Tupac and Biggie, move over. A new hip-hop feud is brewing that glamorizes not guns and ‘hos but Java and secure encryption algorithms.
While gangsta rap is seen as celebrating the violence and aggression that claimed two of its brightest stars, “geeksta” rap is a hip-hop genre celebrating coding skills and school grades.
Also dubbed “nerdcore,” this branch of hip-hop is for geeks, by geeks. Geeksta rappers adopt the same combative verbal-assault stylings of their forerunners, but bust rhymes about elite script compiling and dope machine code.
The term was first coined in 2000 by nerdy New York rapper MC Frontalot in a track of the same name. Nerdcore now refers to artists waxing lyrical about topics as disparate as engineering and Lord of the Rings.
In recent months, the field has seen a growing number of releases from computer science labs, where egocentric grad students show off their Ph.D. credentials in tracks like “Have to Code” and “End of File.”
“The stigma that was once attached to computer geeks and role-playing nerds is diminishing incredibly fast,” said “digital gangster” Bryce Case Jr., aka ytcracker. “It has almost become trendy to have skills on a computer. Rather than guns and ‘hos, I speak about DDOS attacks and camgirls.”
The self-proclaimed “#1 greatest computer science gangsta rapper ever” is MC Plus+, a geeksta leading light whose moniker comes from the C++ programming language.
The Purdue University, Indiana, Ph.D. candidate and “CS pimp,” whose album Algorhythms was recorded with pirated software, calls himself “the Tupac of the computer science world.”
MC Plus+ rattles off lines like: “I’m encrypting shit like every single day; sending it across a network in a safe way; protecting messages to make my pay; if you hack me you’re guilty under DMCA.”
But Plus+’s flow is dissed on the opposite coast by geeksta peers like Dan Maynes-Aminzade, aka Monzy, a 25-year-old Minnesota-born Stanford grad student who recorded a dis track specifically to insult his rap rival.
“Our raps are filled with braggadocio, but instead of boasting about our bitches, blunts, Benzes or Benjamins, maybe we talk about our math skills or the efficiency of our code,” Monzy said.
Monzy said competition between universities and academic departments is nothing new, and rivalries are a big part of the hip-hop tradition.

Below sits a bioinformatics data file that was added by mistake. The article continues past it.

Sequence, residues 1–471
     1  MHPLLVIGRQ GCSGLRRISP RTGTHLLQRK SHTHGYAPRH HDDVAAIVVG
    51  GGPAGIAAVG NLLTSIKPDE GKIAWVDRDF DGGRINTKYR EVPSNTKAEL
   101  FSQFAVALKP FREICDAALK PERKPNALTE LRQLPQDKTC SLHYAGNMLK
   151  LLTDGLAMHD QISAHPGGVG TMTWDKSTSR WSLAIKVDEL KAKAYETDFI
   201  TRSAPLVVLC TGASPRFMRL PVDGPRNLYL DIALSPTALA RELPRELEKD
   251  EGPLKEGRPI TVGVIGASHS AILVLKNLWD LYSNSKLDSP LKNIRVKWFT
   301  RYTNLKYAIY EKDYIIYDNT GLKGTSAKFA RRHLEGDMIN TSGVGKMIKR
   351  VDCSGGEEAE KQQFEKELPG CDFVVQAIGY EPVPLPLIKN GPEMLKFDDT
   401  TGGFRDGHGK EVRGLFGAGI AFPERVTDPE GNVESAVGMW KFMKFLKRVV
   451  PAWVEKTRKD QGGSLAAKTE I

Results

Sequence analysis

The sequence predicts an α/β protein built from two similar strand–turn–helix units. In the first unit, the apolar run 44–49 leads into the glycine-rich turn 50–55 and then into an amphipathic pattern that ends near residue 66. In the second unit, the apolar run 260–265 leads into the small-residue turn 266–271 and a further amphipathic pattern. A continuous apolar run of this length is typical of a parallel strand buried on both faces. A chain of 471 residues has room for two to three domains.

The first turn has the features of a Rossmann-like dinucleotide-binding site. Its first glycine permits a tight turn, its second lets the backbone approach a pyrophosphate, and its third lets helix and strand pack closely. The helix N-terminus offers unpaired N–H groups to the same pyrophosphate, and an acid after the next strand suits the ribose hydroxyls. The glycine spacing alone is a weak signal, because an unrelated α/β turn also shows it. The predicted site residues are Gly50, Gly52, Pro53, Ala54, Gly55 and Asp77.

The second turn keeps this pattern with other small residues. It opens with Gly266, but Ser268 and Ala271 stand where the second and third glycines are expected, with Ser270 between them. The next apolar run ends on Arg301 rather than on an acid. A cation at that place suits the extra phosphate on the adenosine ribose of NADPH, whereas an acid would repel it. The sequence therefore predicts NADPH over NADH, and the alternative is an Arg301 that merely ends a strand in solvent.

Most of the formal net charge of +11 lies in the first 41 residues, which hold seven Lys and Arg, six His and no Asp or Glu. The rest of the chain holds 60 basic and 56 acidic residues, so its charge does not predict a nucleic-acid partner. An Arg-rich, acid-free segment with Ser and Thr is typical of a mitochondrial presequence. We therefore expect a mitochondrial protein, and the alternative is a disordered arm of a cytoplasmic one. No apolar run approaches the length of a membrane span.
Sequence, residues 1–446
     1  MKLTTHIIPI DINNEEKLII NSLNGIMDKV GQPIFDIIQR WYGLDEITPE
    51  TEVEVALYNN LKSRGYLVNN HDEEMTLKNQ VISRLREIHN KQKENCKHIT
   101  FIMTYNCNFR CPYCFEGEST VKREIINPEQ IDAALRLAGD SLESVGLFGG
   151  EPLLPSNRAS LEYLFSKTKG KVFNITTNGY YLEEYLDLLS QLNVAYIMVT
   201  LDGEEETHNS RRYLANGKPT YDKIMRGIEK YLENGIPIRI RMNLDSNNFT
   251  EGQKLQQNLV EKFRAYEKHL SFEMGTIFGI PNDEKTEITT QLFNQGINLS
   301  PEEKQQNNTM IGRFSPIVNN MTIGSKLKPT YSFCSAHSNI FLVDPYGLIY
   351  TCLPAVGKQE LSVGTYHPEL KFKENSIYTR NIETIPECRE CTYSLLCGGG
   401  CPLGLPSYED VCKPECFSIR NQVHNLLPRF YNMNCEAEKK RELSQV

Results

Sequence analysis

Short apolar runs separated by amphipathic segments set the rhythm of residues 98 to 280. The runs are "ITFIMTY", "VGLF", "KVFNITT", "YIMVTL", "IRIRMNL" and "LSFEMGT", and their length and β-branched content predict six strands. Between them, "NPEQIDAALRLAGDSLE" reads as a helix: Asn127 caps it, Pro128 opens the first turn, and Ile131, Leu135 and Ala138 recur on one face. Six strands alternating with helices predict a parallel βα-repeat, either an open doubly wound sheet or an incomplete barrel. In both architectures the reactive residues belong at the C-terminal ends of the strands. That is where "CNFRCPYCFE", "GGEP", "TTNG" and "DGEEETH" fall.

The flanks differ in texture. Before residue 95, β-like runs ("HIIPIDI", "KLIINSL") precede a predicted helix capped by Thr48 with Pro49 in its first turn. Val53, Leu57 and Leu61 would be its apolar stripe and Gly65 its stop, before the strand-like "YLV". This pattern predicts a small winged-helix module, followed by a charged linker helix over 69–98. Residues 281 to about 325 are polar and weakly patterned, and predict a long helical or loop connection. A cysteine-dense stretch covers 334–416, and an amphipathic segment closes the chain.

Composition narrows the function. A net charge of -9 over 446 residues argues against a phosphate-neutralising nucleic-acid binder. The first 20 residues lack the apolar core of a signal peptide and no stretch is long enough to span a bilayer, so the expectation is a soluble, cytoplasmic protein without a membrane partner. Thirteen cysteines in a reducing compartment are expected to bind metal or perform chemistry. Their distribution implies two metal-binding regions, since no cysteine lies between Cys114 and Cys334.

“Feuds between Nas and Jay-Z, Biggie and Tupac and 50 Cent and Ja Rule have received a lot of coverage and generally result in more exposure for both artists, so I decided to bring this to the world of CS gangsta rap by starting a feud with MC Plus+,” Monzy explained.
Such talk could put fans on alert for a spiral of tit-for-tat nerdcore violence — like that which marred the infamous intercoastal rivalry between the Death Row and Bad Boy labels and culminated in the killings of their two top artists.
Plus+, who writes most of his rhymes in class, said he is about to release an insult track written in response to the Monzy’s opening salvo.
“I saw two of my favorite rappers, Tupac and Biggie, get killed for no reason,” he said. “But it’s like this, man — when you’re at the top, there is jealousy and, needless to say, haters are coming at you. I’m gonna tell Monzy: ‘You ain’t even on my level’ — you got to know me and only me.”
The aggression also mirrors 1998’s war of words between LL Cool J and Canibus, a computer science major and tech-centric rhymester who fabricated a feud to generate publicity, according to Journal of Hip-Hop editor Andrew Ryan, who teaches both computers and hip-hop culture at George Mason University, Virginia.
“Computer scientists, by training, use divide and conquer in almost any task,” said Ryan. “Rap music, with all its complexities, provides (them with) the perfect conundrum.
“I don’t think this new subculture will really stick, though,” Ryan added. “If the genre is to succeed, you’re going to need some females.”
Nerdcore fans, meanwhile, are happy to identify with a music that speaks their own language.
Henry Lin, a geeksta fan and graduate student at the University of California at Berkeley, said: “The lyrics are full of inside jokes that only those knowledgeable in computer science would understand. Besides, some songs do a good job of capturing the everyday struggles of computer science majors.”
Frontalot, a New York designer who declined to give his real name, conceded he has “mediocre” mic skills, but said nerds can out-hip hip-hop’s true superstars.
“I think CS graduates have a better chance than most rappers at calculating and devising hitherto unheard rhyme pairings,” he said. “50 Cent has dance clubs and oral sex, we have awesome video cards.”
By Robert Andrews